To get there, I’m finding, is the hardest work and the most worthwhile fight. Shalom requires so much, so much more than I though I would have to sacrifice, and it scrapes so deeply through the lowest parts of me, divulging and demonstrating so many dark corners.  It’s something you can’t fake, so you have to lay yourself open to it, wide open and vulnerable to what it might ask of you, what it might require you to give up, get over, get outside of, get free from.  I feels sometimes like running farther than you thought you could run, legs shaking and lungs burning, feeling proud and surprised at what little old you can do…
Shalom is about God, and about the voice and spirit of God blowing through and permeating all the dark corners that we’ve chopped, locked down.  It’s about believing, and letting belief move you to forgive.  It’s about the whole of our lives becoming woven through with the sacred spirit of God, through friendship and confession, through rest and motion, through marriage and silence.
            Shalom is the act of life lifting up and becoming an act of worship and celebration, a sacrament, an offering….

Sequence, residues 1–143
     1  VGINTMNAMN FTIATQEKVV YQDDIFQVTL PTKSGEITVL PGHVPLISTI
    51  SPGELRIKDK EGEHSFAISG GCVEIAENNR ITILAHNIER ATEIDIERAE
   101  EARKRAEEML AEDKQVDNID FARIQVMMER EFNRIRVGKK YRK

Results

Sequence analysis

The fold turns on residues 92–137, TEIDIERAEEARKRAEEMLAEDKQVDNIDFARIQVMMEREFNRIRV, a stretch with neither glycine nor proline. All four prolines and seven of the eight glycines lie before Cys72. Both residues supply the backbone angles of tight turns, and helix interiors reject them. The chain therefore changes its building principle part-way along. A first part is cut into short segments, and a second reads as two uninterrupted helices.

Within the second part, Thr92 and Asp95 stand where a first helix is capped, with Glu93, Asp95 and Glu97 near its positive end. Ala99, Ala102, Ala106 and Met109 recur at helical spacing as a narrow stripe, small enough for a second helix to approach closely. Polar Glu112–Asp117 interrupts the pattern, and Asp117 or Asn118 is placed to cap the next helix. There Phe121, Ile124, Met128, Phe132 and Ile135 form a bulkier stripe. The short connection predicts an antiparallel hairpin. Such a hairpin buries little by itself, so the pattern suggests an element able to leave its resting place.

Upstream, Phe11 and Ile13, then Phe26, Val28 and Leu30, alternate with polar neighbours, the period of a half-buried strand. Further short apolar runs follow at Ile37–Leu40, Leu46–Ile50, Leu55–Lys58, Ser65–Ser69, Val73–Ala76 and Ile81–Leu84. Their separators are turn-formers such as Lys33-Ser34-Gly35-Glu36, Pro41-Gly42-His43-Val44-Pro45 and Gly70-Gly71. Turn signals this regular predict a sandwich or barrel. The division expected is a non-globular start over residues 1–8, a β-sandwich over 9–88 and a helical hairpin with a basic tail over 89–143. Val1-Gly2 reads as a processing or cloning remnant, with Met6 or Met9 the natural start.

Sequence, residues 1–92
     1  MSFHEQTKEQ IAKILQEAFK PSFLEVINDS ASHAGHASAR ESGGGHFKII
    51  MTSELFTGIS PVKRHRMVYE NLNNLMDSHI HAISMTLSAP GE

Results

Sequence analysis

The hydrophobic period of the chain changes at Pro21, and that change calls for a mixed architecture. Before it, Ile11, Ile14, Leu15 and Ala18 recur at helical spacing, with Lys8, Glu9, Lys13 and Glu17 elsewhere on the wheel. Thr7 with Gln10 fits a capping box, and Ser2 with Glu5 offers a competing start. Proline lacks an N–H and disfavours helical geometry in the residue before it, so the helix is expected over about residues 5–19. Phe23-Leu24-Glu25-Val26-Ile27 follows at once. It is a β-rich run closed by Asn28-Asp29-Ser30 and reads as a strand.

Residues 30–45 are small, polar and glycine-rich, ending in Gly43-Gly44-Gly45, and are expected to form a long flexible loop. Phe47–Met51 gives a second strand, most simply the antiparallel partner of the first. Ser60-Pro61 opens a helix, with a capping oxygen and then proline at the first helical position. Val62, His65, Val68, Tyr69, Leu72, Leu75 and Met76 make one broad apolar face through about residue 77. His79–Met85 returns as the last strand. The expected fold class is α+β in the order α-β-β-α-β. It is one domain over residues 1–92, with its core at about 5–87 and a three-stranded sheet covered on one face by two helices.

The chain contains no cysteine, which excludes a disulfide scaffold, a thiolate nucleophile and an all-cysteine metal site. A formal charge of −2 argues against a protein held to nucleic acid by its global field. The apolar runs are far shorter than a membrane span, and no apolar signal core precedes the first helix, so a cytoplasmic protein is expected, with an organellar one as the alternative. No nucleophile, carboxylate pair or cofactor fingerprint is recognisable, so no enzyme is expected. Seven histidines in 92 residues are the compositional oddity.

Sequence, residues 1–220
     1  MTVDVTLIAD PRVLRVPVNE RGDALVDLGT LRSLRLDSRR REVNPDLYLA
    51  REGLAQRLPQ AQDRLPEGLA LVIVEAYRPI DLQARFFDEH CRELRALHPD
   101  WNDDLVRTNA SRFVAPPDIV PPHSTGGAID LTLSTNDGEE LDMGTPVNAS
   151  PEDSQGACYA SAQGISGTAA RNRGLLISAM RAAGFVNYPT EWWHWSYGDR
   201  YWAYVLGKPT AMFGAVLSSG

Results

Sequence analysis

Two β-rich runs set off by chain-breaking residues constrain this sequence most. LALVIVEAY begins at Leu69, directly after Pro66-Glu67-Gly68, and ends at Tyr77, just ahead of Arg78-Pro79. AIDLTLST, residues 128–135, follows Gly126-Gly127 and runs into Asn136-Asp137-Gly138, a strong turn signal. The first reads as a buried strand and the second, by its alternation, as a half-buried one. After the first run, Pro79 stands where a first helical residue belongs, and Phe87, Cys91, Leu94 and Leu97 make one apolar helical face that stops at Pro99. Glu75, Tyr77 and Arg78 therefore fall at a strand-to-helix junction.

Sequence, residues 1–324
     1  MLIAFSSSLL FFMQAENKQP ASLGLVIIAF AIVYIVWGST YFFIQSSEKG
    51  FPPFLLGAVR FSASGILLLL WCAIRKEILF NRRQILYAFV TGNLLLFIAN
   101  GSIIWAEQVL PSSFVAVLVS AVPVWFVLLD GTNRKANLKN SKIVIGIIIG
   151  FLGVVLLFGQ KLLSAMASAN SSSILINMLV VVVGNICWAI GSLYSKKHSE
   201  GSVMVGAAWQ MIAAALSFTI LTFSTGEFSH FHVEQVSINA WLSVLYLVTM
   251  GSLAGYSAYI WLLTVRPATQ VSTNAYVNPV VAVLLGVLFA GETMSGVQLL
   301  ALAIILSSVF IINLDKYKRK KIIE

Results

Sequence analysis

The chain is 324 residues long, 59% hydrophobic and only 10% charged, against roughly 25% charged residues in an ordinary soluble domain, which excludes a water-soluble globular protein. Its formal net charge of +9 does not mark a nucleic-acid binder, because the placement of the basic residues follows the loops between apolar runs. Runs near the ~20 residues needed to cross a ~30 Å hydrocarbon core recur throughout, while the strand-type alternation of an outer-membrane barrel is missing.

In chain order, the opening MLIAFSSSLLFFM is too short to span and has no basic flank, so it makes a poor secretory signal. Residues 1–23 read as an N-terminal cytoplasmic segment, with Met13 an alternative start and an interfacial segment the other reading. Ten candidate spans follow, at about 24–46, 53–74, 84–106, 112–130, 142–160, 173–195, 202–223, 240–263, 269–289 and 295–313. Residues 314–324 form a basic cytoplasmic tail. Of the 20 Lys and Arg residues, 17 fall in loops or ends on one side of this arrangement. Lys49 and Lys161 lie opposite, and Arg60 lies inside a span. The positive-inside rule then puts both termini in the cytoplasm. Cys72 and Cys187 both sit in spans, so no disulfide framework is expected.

I have been surprised to find that I am given more life, more hope, more moments of buoyancy and redemption, the more I give up.  The more I let go, do without, reduce, the more I feel rich.  The more I let people be who they are, instead of cramming them into what I need from them, the more surprised I am by their beauty and depth.
            When we can manage to live this way of shalom, even for a moment, we pull each other up toward something bigger, wider, more beautiful, because left to my own devices, chances are, I will spiral down until life is nothing more than the mildew smell on my kitchen towels and the guilt I feel about all the things I thought I’d be.
            The truest thing, it seems, is the biggest:  the big idea of making a life with God, with honor, with honesty and community and beauty and the fragile delicate recipe of those, searching for the place where they all come together, where hope and struggle and beauty and tears swirl together into the best, brightest moments of life.  That’s wheat I believe about God.